• BMI > 35 kg/m2 with co-morbidities of obesity ( hypertension Hypertension Hypertension, or high blood pressure, is a common disease that manifests as elevated systemic arterial pressures. Hypertension is most often asymptomatic and is found incidentally as part of a routine physical examination or during triage for an unrelated medical encounter. Hypertension, severe diabetes Diabetes Diabetes mellitus (DM) is a metabolic disease characterized by hyperglycemia and dysfunction of the regulation of glucose metabolism by insulin. Type 1 DM is diagnosed mostly in children and young adults as the result of autoimmune destruction of β cells in the pancreas and the resulting lack of insulin. Type 2 DM has a significant association with obesity and is characterized by insulin resistance. Diabetes Mellitus, sleep apnea Sleep apnea Repeated cessation of breathing for > 10 seconds during sleep and results in sleep interruption, fatigue, and daytime sleepiness. Obstructive Sleep Apnea, osteoarthritis Osteoarthritis Osteoarthritis (OA) is the most common form of arthritis, and is due to cartilage destruction and changes of the subchondral bone. The risk of developing this disorder increases with age, obesity, and repetitive joint use or trauma. Patients develop gradual joint pain, stiffness lasting < 30 minutes, and decreased range of motion. Osteoarthritis)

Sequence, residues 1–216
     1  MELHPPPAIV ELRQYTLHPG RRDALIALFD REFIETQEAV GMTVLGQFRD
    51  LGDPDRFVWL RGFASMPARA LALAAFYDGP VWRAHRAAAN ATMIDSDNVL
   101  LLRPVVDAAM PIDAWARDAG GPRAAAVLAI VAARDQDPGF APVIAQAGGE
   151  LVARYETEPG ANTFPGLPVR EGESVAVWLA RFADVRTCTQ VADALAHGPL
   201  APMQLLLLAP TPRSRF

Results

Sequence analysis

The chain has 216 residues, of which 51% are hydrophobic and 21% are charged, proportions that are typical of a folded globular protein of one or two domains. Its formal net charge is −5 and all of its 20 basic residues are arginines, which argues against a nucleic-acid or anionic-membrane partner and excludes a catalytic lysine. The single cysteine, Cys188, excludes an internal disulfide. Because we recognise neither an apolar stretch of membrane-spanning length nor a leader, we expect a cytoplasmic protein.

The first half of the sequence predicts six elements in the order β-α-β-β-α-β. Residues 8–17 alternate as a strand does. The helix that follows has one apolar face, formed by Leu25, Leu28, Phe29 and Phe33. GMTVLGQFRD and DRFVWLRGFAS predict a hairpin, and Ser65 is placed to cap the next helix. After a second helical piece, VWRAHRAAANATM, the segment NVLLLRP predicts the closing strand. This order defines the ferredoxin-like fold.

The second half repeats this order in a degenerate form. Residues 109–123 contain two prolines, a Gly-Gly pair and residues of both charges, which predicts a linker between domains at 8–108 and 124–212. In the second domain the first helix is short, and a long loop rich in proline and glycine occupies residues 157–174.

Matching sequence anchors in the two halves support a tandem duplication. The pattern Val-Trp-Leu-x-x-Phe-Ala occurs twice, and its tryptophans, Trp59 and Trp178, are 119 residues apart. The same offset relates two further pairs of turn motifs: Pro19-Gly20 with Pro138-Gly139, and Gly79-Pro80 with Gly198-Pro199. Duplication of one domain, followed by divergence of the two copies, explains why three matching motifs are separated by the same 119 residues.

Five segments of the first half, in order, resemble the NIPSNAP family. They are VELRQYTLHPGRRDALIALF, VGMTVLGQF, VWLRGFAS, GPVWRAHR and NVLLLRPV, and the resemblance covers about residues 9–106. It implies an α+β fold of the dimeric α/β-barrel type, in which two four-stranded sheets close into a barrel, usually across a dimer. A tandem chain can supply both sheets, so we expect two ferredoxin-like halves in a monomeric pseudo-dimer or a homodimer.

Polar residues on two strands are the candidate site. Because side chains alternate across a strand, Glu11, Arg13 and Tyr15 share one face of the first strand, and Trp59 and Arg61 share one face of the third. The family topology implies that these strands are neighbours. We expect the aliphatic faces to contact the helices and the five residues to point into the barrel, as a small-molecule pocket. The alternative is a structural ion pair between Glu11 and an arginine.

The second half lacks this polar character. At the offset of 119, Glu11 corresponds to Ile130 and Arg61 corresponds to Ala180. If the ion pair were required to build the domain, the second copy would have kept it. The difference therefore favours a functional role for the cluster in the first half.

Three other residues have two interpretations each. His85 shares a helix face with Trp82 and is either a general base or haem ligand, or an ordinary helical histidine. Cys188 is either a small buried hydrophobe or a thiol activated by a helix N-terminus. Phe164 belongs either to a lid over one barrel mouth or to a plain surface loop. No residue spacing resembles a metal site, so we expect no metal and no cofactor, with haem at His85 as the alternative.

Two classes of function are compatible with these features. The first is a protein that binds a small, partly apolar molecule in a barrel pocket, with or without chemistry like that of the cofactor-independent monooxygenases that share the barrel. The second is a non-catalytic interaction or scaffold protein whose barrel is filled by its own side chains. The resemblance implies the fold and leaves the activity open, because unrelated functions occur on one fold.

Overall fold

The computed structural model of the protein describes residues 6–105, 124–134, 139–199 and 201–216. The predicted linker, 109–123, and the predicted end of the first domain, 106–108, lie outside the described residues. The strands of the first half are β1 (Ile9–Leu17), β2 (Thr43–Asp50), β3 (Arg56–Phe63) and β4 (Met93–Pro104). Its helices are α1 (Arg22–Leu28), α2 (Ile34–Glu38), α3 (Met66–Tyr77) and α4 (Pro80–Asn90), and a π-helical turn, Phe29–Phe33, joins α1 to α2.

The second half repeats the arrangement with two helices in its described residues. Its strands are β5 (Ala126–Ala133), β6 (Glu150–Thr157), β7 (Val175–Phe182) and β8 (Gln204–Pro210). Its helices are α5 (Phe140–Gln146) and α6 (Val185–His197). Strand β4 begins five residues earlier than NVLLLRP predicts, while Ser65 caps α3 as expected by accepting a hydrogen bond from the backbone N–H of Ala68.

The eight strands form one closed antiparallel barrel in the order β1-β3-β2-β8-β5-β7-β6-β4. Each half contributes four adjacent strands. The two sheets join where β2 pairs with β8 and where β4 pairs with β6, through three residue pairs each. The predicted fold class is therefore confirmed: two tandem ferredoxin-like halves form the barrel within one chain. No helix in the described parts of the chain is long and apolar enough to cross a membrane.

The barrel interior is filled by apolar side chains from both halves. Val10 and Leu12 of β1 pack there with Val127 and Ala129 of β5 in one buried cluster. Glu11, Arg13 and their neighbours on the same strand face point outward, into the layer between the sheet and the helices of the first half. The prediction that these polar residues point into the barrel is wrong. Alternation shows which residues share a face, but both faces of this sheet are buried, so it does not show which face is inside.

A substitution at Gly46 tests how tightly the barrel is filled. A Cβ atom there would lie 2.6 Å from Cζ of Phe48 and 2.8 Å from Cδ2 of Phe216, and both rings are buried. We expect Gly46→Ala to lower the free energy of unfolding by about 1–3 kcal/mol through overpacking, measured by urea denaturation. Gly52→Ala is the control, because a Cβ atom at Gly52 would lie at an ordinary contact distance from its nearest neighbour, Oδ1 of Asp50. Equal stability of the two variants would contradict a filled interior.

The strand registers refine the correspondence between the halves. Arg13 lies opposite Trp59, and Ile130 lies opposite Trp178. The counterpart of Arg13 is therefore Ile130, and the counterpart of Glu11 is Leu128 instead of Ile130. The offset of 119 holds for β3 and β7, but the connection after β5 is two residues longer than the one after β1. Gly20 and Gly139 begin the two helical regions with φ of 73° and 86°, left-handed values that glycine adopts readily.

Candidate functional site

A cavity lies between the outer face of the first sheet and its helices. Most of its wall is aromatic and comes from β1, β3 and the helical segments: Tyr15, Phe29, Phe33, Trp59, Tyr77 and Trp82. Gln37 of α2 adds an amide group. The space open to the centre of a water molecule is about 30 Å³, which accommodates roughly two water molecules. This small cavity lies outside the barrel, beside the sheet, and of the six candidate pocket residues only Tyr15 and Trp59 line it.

• BMI > 30 kg/m2 with type 2 Type 2 Spinal Muscular Atrophy diabetes Diabetes Diabetes mellitus (DM) is a metabolic disease characterized by hyperglycemia and dysfunction of the regulation of glucose metabolism by insulin. Type 1 DM is diagnosed mostly in children and young adults as the result of autoimmune destruction of β cells in the pancreas and the resulting lack of insulin. Type 2 DM has a significant association with obesity and is characterized by insulin resistance. Diabetes Mellitus, refractory to treatment measures or dysmetabolic syndrome X
    • Failure of conservative attempts at weight loss Weight loss Decrease in existing body weight. Bariatric Surgery